Sunday, June 24, 2012

Urban Deer - Risks to Humans

Have just returned from a great trip out to very western most part of Canada. We got as far as Tofino on British Columbia’s Vancouver Island after visiting friends along the way. I also did a talk on various things related to wildlife for the Victoria Academy of Veterinary Medicine. Most present were small animal practitioners, but there were a few wildlife rehab folks there as well. I may have surprised some of the attendees by suggesting that the feeding of urban deer is simply a bad thing.

Of course it is bad for the humans in several ways.

Perhaps the mildest ”bad” is that the deer eat people’s gardens. Not just veggies, but also ornamental flowers. Most of our friends on the island have erected deer-proof fences and on the offshore Saltspring Island I think everyone has done the same.

Another concern is the potential for Lyme disease to crop up in humans. Here is an authoritative site about it. The deer do not carry the disease itself, but they do carry the ticks that spread it. The more deer, potentially the more ticks. There were ten reported cases of this nasty condition in humans in British Columbia in 2011.

Traffic accidents are of course a major hazard. There are YouTube videos to show it. 

Habituated or tame deer can be very dangerous. The females are especially so when they have very young fawns.  In this clip shown on TV news, a doe attacks a pet dog in the Victoria suburb of Sannich. Imagine if that had been a toddler.

Dr. Jay Rolfe, whom I had not seen since his graduation from the Western College of Veterinary Medicine about 25 years ago, related how a doe had emerged from hiding and flattened a young 18-year old male. In the city of Fairbanks, Alaska, a cow moose attacked and killed a pedestrian.  Newly calved wapiti are very aggressive and are a real hazard in Jasper National park. They seem to view dogs with great dislike and will attack them. I am convinced that small children (say under ten) are seen as potential predators.

If does are potential bad news rutting stags or bulls of any member of the deer family become incredibly dangerous during the rut. Each fall there are reports of so-called tame deer, usually white-tailed deer, changing almost overnight from “stroke-my-nose-please, I-love-it” to crazy killers hell-bent of destruction. One client of mine was treed for several hours by such a buck after it hit him from behind. He was lucky to escape up a nearby poplar with torn jeans and some dramatic bruises. 

As the person who posted this YouTube video wrote:
This is video of the elk rut in Estes Park, CO in the fall of 2009. The elk are in a frenzy, and don't care about people around! 
If that shows how things can get wild with non-imprinted cervids, this story shows how things may turn out.

I wrote this in Of Moose and Men.

My own scary experience with an enraged “tame” bull occurred with three hundred kilos of mind-bent, testosterone-crazed, but luckily de-antlered wapiti. He was part of a research group that I had been working with for several months. I used to visit them almost daily but had missed seeing them over the first weekend in September. On the Monday morning I entered the pen without taking due note of the changes that had happened. The bull came straight for me and pinned me against one of the uprights in a corner of the yard. As long as I stood fairly still he simply leaned on me, albeit with some force, pressing my back against the post so that I could feel each of my vertebrae creating a dent in the wood. If I tried to move he leaned a bit more—quite a bit more. I wondered if I was ever going to get out of this mess, but luckily I was with one of my students, who was outside the pen, and so I called out to him to help me. He had the presence of mind to grab a handy length of two-by-four, lean around the nearby gatepost, and give the bull a good thump on the rump. Happily the bull turned to face this new threat, giving me a chance to break the world’s standing high-jump record over the three-metre fence.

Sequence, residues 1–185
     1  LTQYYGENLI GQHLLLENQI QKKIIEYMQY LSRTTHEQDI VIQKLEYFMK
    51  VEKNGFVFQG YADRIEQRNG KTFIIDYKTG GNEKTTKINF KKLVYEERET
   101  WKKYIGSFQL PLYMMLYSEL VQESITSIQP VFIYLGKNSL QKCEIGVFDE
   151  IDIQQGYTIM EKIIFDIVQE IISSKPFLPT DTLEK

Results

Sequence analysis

The student was Jay Rolfe, but I had failed to catch up with him before publication of the book and felt I could not use his name without his permission.  He certainly saved me from some serious injury and may have saved my life.

This sharp testosterone peak is central to the whole business of the rut and in this graph that I developed almost 30 years ago from work I did on wapiti (North American elk) I show how quickly it happens.
In wapiti the jump takes place about the beginning of September. In other species the date changes, but not the event. If you look closely at the scale you will see that this is a log scale. There would not be room on this page to show the actual rise in real numbers. It is about 1000 fold!

It is not just tame animals that will become aggressive. On the eleventh tee of the beautiful Lobstick golf course in Prince Albert National park a bull wapiti once took over the ground. Wise golfers used ”local rules” and teed up a hundred or so yards down the fairway. I don’t know if the scores for the shortened hole improved, but I doubt it. Golfers would have had heightened excitement levels after a meeting like that. The steadiness needed to play god golf might have been suspended.

I shall explore how the development of an urban deer culture, and especially the feeding of urban deer is an animal welfare issue in my next post.

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